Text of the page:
What I don’t understand is, why can’t I just use the Javascript SDK to do the same thing? If it’s possible, there is 0 documentation on it in the developers guide or API.

The methods I am showing you mean that no Client Side Parse Library is needed. However, if you wanted to use a client side Lib then you have 2 choices.

  1. Use the normal login method and you will then have the session token stored in local storage and the Parse JS lib will add this to all requests to the server.

  2. You can use the Parse lib to run custom JS functions in the cloud by running

const params =  { movie: "The Matrix" };
const ratings = await Parse.Cloud.run("averageStars", params);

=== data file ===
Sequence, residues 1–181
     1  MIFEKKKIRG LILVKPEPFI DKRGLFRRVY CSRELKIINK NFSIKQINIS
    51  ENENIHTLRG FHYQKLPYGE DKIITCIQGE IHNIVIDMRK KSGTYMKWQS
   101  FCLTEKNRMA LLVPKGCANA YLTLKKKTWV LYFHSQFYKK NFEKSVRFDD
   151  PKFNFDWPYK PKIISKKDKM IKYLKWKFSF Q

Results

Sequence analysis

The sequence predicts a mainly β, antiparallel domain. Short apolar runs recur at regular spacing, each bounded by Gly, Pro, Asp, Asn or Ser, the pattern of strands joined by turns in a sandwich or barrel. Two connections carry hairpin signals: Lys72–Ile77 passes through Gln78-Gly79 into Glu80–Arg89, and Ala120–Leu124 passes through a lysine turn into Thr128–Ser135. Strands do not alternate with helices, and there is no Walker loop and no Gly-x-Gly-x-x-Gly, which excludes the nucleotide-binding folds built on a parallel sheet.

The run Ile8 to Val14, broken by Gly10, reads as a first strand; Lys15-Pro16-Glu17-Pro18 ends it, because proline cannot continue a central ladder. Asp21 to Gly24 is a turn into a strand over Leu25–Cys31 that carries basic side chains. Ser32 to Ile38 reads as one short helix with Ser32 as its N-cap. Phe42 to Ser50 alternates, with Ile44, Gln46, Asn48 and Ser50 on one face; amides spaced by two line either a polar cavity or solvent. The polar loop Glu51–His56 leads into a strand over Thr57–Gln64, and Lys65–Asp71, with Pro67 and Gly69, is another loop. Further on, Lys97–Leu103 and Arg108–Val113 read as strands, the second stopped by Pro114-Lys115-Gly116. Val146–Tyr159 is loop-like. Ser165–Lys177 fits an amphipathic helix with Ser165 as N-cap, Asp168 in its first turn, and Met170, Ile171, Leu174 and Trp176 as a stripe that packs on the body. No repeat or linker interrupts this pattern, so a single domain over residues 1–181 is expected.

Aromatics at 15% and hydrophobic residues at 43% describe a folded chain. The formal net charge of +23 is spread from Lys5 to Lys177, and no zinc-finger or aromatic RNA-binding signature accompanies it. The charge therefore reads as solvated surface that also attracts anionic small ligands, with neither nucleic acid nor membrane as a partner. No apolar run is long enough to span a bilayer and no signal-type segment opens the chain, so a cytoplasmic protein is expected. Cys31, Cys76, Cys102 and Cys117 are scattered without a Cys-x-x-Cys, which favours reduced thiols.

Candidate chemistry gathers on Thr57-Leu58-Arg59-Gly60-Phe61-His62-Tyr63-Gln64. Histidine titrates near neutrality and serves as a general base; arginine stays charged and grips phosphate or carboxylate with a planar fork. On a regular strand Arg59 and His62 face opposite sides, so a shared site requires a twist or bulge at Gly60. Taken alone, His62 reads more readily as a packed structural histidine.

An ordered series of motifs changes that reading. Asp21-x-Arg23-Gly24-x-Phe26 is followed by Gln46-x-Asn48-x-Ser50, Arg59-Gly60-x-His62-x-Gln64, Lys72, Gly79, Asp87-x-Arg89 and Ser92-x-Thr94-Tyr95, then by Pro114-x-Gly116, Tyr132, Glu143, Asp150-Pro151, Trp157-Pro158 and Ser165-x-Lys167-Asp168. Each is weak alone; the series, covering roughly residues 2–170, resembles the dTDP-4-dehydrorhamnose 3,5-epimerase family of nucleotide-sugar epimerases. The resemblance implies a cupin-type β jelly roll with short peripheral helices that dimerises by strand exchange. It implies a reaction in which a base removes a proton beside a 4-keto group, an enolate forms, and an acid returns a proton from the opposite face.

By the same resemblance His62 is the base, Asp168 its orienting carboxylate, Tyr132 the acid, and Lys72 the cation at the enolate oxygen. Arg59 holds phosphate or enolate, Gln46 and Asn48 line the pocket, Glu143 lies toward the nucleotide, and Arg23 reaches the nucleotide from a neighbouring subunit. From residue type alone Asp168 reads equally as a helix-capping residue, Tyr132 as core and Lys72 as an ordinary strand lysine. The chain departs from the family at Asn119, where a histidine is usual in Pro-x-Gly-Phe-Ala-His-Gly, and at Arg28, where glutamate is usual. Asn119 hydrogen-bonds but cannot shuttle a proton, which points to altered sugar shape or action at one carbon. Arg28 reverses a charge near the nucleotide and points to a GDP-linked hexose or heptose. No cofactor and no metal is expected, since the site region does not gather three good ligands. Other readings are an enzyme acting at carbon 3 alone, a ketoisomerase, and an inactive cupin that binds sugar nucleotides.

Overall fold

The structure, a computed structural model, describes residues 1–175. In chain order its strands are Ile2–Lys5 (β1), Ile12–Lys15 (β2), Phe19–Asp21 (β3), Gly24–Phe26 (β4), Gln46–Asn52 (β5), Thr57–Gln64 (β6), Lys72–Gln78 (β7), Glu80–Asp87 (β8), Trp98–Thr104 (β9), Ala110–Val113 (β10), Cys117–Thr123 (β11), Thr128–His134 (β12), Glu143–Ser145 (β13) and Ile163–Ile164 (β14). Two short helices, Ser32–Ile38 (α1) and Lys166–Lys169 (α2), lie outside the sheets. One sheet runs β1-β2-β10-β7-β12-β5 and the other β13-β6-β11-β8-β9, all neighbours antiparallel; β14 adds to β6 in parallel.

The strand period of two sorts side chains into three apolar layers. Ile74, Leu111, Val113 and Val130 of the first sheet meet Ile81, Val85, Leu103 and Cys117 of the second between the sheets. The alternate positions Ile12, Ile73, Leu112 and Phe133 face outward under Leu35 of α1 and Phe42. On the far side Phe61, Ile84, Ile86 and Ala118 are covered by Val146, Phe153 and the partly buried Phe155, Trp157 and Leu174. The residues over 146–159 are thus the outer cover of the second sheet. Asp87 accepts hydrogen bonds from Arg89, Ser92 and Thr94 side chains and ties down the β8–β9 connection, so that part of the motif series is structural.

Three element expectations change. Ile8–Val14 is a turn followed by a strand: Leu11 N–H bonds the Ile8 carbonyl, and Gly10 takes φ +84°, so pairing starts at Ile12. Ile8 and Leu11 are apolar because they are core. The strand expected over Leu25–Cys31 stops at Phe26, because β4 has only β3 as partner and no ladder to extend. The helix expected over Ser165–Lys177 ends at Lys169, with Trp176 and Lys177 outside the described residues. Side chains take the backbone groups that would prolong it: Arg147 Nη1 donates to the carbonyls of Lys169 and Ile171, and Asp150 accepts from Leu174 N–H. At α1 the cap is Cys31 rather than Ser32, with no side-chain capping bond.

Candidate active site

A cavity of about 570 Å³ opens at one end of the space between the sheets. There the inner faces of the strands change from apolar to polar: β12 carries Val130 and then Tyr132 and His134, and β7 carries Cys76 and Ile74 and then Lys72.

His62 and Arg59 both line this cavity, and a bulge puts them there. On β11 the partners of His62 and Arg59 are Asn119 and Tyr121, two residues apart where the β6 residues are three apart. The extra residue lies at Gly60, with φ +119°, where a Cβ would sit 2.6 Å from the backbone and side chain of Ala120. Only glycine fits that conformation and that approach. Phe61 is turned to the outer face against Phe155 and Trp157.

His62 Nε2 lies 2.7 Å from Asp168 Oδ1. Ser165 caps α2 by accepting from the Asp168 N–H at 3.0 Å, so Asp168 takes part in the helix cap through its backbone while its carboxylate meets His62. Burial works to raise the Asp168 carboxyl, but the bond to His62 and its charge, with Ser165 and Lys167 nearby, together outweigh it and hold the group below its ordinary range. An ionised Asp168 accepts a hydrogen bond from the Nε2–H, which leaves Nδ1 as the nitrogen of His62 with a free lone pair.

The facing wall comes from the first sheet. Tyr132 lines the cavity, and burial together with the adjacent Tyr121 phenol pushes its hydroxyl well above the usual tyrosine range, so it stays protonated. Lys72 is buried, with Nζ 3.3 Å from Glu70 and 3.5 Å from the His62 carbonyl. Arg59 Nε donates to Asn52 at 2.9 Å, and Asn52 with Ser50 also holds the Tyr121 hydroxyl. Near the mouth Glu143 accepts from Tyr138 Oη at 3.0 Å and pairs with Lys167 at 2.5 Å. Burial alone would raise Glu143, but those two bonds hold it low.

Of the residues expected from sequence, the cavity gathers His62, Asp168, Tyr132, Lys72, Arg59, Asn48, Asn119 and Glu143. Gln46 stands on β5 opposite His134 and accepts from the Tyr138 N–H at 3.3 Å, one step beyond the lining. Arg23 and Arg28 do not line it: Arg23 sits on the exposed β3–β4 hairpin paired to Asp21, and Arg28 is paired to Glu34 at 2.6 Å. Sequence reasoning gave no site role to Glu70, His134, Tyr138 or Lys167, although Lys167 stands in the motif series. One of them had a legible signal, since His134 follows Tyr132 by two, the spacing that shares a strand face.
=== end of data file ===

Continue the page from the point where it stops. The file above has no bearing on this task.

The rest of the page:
// ratings should be 4.5
});

See here for the JS calling of cloud functions

Method 1 is what I’m trying to do. But the issue I’m having is, once I have the session token, I can’t figure out how to get the user associated with that token.

I know I could store their User ID in a cookie as well and just use both the Session Token and User ID in each query but I prefer exposing as little as possible to the client side.

If you want to expose as little as possible in the client side then I advise not using the Client JS library and just use the REST API.

But anyway, if you have a session token then you have everything you need on the Cloud. Passing the session token in the method I have show above will give you the request.user object in the cloud code. Unless you have a reason to store the userId on the client side then it’s not needed to make server calls as a logged in user, so long as the session token is valid.

I’m only using the Javascript SDK library on the server side in Node. The only thing that’s ever passed to the client is their token upon login/sign up.